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Inflation Targeting and Nonlinear Policy Rules: the Case of Asymmetric Preferences

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  • Paolo Surico

    (Bocconi University)

Abstract

This paper investigates the empirical relevance of a new framework for monetary policy analysis in which the decision makers are allowed to weight differently positive and negative deviations of inflation and output from the target values. Reduced-form and structural estimates of the central bank first order condition indicate that the preferences of the Fed have been highly asymmetric only before 1979, with the response to output contractions being larger than the response to output expansions of the same magnitude. This asymmetry is shown to induce an average inflation bias of 1.11% that appears to have substantially contributed to the great inflation of the 1960s and 1970s.

Suggested Citation

  • Paolo Surico, 2002. "Inflation Targeting and Nonlinear Policy Rules: the Case of Asymmetric Preferences," Macroeconomics 0210002, EconWPA, revised 23 Feb 2004.
  • Handle: RePEc:wpa:wuwpma:0210002
    Note: Type of Document - Acrobat PDF; prepared on PC; to print on HP; pages: 26 ; figures: included. 26 pages, pdf
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    References listed on IDEAS

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    Cited by:

    1. Qin, Ting & Enders, Walter, 2008. "In-sample and out-of-sample properties of linear and nonlinear Taylor rules," Journal of Macroeconomics, Elsevier, vol. 30(1), pages 428-443, March.
    2. Paolo Surico, 2008. "Measuring the Time Inconsistency of US Monetary Policy," Economica, London School of Economics and Political Science, vol. 75(297), pages 22-38, February.
    3. Brüggemann, Ralf & Riedel, Jana, 2011. "Nonlinear interest rate reaction functions for the UK," Economic Modelling, Elsevier, vol. 28(3), pages 1174-1185, May.
    4. Doyle, Matthew & Falk, Barry, 2010. "Do asymmetric central bank preferences help explain observed inflation outcomes?," Journal of Macroeconomics, Elsevier, vol. 32(2), pages 527-540, June.
    5. Simone Casellina & Mariacristina Uberti, 2008. "Optimal Monetary Policy and Long-term Interest Rate Dynamics: Taylor Rule Extensions," Computational Economics, Springer;Society for Computational Economics, vol. 32(1), pages 183-198, September.
    6. Mihailov, Alexander, 2005. "Has more Independence Affected Bank of England's Reaction Function under Inflation Targeting? Lessons from Taylor Rule Empirics," Economics Discussion Papers 8894, University of Essex, Department of Economics.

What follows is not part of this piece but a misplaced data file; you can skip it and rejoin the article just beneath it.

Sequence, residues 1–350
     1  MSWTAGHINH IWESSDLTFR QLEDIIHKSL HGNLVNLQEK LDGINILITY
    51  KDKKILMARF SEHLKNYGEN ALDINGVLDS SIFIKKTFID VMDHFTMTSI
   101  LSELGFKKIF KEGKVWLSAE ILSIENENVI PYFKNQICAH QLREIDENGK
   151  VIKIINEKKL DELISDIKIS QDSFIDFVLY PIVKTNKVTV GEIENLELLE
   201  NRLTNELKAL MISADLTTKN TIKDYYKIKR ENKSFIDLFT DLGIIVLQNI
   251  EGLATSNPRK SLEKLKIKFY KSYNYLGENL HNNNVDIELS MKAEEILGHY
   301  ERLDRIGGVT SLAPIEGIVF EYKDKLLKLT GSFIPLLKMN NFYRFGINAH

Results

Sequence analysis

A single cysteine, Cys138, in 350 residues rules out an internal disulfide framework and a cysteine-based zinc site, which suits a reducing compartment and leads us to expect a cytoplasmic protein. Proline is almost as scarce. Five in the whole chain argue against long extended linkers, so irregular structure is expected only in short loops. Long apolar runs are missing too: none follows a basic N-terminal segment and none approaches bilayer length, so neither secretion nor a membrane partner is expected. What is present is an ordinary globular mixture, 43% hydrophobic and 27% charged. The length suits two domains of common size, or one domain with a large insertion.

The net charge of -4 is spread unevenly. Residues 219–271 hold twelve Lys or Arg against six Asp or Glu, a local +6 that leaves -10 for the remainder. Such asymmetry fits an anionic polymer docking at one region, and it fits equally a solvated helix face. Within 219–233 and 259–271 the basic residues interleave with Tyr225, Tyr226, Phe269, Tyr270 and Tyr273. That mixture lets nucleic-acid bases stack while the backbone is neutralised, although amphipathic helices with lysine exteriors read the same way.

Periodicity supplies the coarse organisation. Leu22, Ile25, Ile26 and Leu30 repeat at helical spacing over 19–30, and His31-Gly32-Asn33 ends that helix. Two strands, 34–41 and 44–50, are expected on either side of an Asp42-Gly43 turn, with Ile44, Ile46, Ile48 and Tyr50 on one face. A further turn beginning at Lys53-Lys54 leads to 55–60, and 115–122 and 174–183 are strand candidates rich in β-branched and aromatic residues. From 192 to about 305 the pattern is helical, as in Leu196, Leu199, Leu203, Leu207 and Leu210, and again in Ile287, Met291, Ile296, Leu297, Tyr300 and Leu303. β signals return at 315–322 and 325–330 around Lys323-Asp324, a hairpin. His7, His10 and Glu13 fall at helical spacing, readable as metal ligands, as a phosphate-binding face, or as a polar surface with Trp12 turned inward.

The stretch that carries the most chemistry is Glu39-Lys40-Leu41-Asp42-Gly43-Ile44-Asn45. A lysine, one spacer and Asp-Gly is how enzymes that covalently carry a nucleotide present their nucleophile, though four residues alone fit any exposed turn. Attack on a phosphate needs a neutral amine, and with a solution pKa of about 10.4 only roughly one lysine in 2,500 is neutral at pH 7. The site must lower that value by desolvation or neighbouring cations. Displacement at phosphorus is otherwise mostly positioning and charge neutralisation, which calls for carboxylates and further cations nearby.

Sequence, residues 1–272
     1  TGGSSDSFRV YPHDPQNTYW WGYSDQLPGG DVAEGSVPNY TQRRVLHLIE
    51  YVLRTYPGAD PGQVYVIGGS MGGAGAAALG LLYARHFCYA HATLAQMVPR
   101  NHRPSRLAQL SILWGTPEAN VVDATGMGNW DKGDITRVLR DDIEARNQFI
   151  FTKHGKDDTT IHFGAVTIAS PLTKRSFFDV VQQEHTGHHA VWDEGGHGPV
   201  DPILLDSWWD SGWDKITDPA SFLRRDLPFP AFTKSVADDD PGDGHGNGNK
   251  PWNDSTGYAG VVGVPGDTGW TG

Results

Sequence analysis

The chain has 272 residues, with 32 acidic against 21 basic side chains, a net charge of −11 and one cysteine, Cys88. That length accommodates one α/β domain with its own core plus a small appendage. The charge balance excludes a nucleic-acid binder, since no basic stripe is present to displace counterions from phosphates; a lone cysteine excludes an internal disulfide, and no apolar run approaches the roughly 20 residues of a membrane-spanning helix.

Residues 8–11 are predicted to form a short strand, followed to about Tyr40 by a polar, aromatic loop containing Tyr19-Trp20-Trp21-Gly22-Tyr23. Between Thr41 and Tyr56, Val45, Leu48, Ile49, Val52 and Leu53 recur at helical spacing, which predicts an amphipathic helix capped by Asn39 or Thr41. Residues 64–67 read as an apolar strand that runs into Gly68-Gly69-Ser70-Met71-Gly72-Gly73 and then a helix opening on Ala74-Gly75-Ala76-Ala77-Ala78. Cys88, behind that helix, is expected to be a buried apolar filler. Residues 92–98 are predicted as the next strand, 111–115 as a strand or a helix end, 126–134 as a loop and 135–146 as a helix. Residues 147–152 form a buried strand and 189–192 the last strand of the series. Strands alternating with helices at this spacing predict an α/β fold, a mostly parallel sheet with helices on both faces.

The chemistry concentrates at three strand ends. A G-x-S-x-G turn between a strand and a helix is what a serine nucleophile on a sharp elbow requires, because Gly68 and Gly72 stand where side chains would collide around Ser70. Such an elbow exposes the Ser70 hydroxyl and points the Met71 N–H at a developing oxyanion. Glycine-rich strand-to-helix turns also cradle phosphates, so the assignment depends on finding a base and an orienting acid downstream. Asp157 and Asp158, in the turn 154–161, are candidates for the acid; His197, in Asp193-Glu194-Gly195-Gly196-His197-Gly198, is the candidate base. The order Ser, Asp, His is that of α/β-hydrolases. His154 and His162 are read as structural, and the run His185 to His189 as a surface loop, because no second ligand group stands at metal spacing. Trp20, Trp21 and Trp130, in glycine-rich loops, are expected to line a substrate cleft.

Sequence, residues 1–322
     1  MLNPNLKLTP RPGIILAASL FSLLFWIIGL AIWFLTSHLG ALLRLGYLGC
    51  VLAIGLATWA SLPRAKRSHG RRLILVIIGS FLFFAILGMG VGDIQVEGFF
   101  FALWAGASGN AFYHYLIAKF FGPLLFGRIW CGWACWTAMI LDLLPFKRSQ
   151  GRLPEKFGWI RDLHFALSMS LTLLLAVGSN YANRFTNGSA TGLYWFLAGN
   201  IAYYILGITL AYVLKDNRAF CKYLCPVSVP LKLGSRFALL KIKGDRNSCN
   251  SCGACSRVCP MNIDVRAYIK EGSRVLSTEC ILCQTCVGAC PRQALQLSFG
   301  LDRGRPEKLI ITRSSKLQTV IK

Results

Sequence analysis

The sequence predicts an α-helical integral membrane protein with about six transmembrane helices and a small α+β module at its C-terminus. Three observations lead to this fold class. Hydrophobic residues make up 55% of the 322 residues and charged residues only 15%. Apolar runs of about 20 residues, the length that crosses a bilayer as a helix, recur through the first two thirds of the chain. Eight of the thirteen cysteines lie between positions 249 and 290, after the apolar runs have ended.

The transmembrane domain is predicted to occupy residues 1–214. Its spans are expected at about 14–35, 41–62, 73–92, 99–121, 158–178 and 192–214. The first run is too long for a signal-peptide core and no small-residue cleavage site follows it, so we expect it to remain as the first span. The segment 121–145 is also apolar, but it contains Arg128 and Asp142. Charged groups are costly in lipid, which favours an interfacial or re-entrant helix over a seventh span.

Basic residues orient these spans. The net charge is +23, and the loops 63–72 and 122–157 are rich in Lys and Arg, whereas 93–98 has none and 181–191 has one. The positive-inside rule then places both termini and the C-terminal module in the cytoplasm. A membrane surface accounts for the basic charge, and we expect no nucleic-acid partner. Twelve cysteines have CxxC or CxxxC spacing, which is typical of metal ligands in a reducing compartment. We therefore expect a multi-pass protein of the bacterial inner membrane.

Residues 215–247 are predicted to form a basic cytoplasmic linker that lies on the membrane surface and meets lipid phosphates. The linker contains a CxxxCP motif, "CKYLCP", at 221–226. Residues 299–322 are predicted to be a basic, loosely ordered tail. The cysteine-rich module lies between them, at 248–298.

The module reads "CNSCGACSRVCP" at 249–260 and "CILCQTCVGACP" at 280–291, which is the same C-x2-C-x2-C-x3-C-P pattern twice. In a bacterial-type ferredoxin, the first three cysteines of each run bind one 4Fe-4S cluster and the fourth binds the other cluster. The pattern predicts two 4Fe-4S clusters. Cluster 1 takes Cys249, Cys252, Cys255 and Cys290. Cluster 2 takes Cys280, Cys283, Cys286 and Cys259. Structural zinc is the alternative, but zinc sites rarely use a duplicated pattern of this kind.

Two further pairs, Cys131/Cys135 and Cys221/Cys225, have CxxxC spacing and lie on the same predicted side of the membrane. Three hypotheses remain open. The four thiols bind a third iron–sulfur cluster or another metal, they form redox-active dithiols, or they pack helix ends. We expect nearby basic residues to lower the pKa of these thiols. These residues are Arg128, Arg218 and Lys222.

7. Alvaro Aguiar & Manuel Martins, 2008. "Testing for asymmetries in the preferences of the euro-area monetary policymaker," Applied Economics, Taylor & Francis Journals, vol. 40(13), pages 1651-1667.
    8. Gomes, Orlando, 2006. "Monetary policy and economic growth: combining short and long run macro analysis," MPRA Paper 2849, University Library of Munich, Germany.
    9. Orlando Gomes & Diana A. Mendes & Vivaldo M. Mendes & José Sousa Ramos, 2006. "Endogenous Cycles in Optimal Monetary Policywith a Nonlinear Phillips Curve," Working Papers Series 1 ercwp1508, ISCTE-IUL, Business Research Unit (BRU-IUL).
    10. Pablo Gonzalez & Mauricio Tejada, 2006. "No linealidades en la regla de política monetaria del Banco Central de Chile: una evidencia empírica," Revista de Analisis Economico – Economic Analysis Review, Ilades-Georgetown University, Universidad Alberto Hurtado/School of Economics and Bussines, vol. 21(1), pages 81-115, July.
    11. Shen, Chung-Hua & Lin, Kun-Li & Guo, Na, 2016. "Hawk or dove: Switching regression model for the monetary policy reaction function in China," Pacific-Basin Finance Journal, Elsevier, vol. 36(C), pages 94-111.
    12. Moura, Marcelo L. & de Carvalho, Alexandre, 2010. "What can Taylor rules say about monetary policy in Latin America?," Journal of Macroeconomics, Elsevier, vol. 32(1), pages 392-404, March.
    13. L'OEILLET, Guillaume & LICHERON, Julien, 2010. "The asymmetric relationship between oil prices and activity in the EMU: Does the ECB monetary policy play a role?," MPRA Paper 26203, University Library of Munich, Germany.
    14. Domenico Depalo, 2006. "Japan: The Case For A Taylor Rule? A Simple Approach," Pacific Economic Review, Wiley Blackwell, vol. 11(4), pages 327-546, December.
    15. George Christodoulakis & David Peel, 2009. "The Central Bank Inflation Bias in the Presence of Asymmetric Preferences and Non-Normal Shocks," Economics Bulletin, AccessEcon, vol. 29(3), pages 1608-1620.
    16. Surico, Paolo, 2007. "The Fed's monetary policy rule and U.S. inflation: The case of asymmetric preferences," Journal of Economic Dynamics and Control, Elsevier, vol. 31(1), pages 305-324, January.

    More about this item

    Keywords

    nonlinear monetary policy rules; asymmetric loss function; Euler equation;

    JEL classification:

    • E52 - Macroeconomics and Monetary Economics - - Monetary Policy, Central Banking, and the Supply of Money and Credit - - - Monetary Policy
    • E58 - Macroeconomics and Monetary Economics - - Monetary Policy, Central Banking, and the Supply of Money and Credit - - - Central Banks and Their Policies

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